In November 2015, the government led by Justin Trudeau announced a new, nonpartisan process to select candidates for Senate appointments. Most of the senators appointed since March 2016 under the new process have joined the Independent Senators Group, and by mid-2018 the group held almost half the Senate’s seats. To take stock of these developments and related internal changes, the Institute for Research on Public Policy convened a round table in Ottawa on September 27, 2018. This report summarizes the presentations and discussion at that event.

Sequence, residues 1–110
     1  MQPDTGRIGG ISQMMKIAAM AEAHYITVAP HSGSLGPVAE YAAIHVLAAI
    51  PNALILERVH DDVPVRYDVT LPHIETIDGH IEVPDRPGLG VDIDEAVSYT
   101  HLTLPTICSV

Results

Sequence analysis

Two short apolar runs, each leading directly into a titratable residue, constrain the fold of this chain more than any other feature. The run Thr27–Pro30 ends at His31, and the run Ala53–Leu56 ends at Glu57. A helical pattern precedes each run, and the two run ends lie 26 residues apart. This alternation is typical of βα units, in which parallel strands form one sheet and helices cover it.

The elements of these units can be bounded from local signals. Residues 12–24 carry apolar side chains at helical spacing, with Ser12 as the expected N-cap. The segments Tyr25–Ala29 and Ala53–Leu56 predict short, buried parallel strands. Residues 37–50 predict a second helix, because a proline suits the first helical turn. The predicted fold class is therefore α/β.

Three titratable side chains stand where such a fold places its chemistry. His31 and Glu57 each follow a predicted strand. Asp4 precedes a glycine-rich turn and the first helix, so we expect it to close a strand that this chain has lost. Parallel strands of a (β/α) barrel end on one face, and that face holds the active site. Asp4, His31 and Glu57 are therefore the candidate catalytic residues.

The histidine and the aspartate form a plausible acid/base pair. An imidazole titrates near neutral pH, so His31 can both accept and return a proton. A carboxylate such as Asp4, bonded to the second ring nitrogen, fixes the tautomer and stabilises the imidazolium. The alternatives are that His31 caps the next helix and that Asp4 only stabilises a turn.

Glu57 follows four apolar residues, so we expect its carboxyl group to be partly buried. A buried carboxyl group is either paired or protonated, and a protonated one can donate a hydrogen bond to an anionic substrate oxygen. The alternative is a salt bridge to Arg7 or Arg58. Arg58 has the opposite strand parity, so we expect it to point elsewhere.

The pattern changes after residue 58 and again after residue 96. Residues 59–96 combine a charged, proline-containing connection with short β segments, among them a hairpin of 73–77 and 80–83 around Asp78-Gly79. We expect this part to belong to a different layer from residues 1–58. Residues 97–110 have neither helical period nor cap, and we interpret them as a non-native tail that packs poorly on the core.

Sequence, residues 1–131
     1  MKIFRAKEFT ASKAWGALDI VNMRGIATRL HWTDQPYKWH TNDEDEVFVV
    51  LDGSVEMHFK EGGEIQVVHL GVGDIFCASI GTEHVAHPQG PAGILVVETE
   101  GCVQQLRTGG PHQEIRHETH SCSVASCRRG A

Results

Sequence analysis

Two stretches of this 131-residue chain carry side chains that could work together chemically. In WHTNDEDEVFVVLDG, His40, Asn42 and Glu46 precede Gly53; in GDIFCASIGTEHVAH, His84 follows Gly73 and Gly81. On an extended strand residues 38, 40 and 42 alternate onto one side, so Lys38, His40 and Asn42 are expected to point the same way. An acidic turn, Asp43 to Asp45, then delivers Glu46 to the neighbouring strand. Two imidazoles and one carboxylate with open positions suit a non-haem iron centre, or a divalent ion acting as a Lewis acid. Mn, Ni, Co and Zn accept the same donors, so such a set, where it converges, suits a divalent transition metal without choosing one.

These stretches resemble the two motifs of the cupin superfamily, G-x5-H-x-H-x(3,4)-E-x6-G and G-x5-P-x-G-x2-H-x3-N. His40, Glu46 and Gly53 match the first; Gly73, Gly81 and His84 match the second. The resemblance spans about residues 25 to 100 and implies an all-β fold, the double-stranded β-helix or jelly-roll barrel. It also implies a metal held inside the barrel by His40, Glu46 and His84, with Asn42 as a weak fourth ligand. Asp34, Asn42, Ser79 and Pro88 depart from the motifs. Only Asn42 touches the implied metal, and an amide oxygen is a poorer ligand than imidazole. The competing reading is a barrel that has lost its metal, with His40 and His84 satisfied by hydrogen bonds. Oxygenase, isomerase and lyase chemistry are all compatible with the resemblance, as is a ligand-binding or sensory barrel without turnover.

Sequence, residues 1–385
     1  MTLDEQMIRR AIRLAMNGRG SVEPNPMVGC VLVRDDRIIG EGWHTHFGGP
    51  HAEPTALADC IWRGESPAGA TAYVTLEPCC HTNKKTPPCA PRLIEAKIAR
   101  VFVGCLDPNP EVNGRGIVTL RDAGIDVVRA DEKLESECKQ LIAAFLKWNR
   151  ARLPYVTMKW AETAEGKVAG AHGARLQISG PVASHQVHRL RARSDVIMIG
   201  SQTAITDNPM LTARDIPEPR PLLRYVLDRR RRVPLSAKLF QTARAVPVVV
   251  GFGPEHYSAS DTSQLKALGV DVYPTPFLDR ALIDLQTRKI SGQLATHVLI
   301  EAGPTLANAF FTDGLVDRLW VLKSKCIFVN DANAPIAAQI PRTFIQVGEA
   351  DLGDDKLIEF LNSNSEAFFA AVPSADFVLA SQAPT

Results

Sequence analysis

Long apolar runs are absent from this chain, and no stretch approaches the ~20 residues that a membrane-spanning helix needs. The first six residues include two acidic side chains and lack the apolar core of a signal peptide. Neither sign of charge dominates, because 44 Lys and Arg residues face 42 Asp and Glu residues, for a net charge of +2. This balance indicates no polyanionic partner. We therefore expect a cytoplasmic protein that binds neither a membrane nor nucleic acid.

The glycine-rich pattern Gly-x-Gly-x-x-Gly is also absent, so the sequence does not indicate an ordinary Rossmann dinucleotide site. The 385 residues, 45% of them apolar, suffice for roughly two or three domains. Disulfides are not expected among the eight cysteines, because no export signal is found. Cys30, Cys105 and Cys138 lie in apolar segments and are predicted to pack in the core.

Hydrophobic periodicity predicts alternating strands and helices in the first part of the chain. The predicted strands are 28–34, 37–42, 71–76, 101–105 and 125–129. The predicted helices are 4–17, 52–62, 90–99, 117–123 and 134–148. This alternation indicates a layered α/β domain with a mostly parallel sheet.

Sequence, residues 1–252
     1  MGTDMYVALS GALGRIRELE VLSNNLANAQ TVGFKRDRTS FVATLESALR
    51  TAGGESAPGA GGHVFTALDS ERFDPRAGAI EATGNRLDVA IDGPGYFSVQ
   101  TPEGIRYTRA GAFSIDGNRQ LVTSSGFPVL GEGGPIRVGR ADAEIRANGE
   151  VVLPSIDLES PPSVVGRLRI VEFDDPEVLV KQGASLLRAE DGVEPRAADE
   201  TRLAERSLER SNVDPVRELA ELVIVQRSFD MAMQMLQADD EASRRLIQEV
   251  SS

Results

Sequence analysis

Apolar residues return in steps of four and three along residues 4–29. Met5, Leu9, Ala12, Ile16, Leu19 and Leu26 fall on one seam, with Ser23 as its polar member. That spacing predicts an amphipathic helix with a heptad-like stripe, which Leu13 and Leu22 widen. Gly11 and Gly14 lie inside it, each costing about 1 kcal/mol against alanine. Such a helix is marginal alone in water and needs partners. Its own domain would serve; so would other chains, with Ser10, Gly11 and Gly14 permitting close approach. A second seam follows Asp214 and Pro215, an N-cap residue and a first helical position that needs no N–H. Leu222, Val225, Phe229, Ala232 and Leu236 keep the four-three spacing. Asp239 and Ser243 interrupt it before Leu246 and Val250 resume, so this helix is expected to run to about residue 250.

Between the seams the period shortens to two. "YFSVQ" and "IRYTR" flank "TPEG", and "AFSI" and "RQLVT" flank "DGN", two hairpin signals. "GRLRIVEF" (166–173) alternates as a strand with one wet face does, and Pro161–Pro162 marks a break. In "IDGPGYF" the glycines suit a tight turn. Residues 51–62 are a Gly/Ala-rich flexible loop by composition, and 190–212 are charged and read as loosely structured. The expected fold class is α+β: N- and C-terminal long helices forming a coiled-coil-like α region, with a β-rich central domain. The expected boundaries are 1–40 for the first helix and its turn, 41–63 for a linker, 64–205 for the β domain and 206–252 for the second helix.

According to participants’ comments, there was general support for the claim that the Senate is performing its legislative review function even more effectively than in the past. This is reflected in more sustained interaction with the House of Commons, ministers and senior departmental officials. Some concerns were expressed about the large increase since 2015 in the number of registered communications between lobbyists and senators. It was observed that despite proposing more amendments to government bills than previously, the renewed Senate is generally respecting the principle of deference to the House of Commons. Participants commented favourably on the degree to which recent Senate appointments have reflected Canada’s diversity, but they were less certain that regional representation has improved. There was a general sense that while the current renewal of the Senate represents progress, further changes are needed — particularly to reflect the move toward a second chamber organized much less along party lines than in the past. However, no one called for a return to intergovernmental negotiations on constitutional reform of the Senate.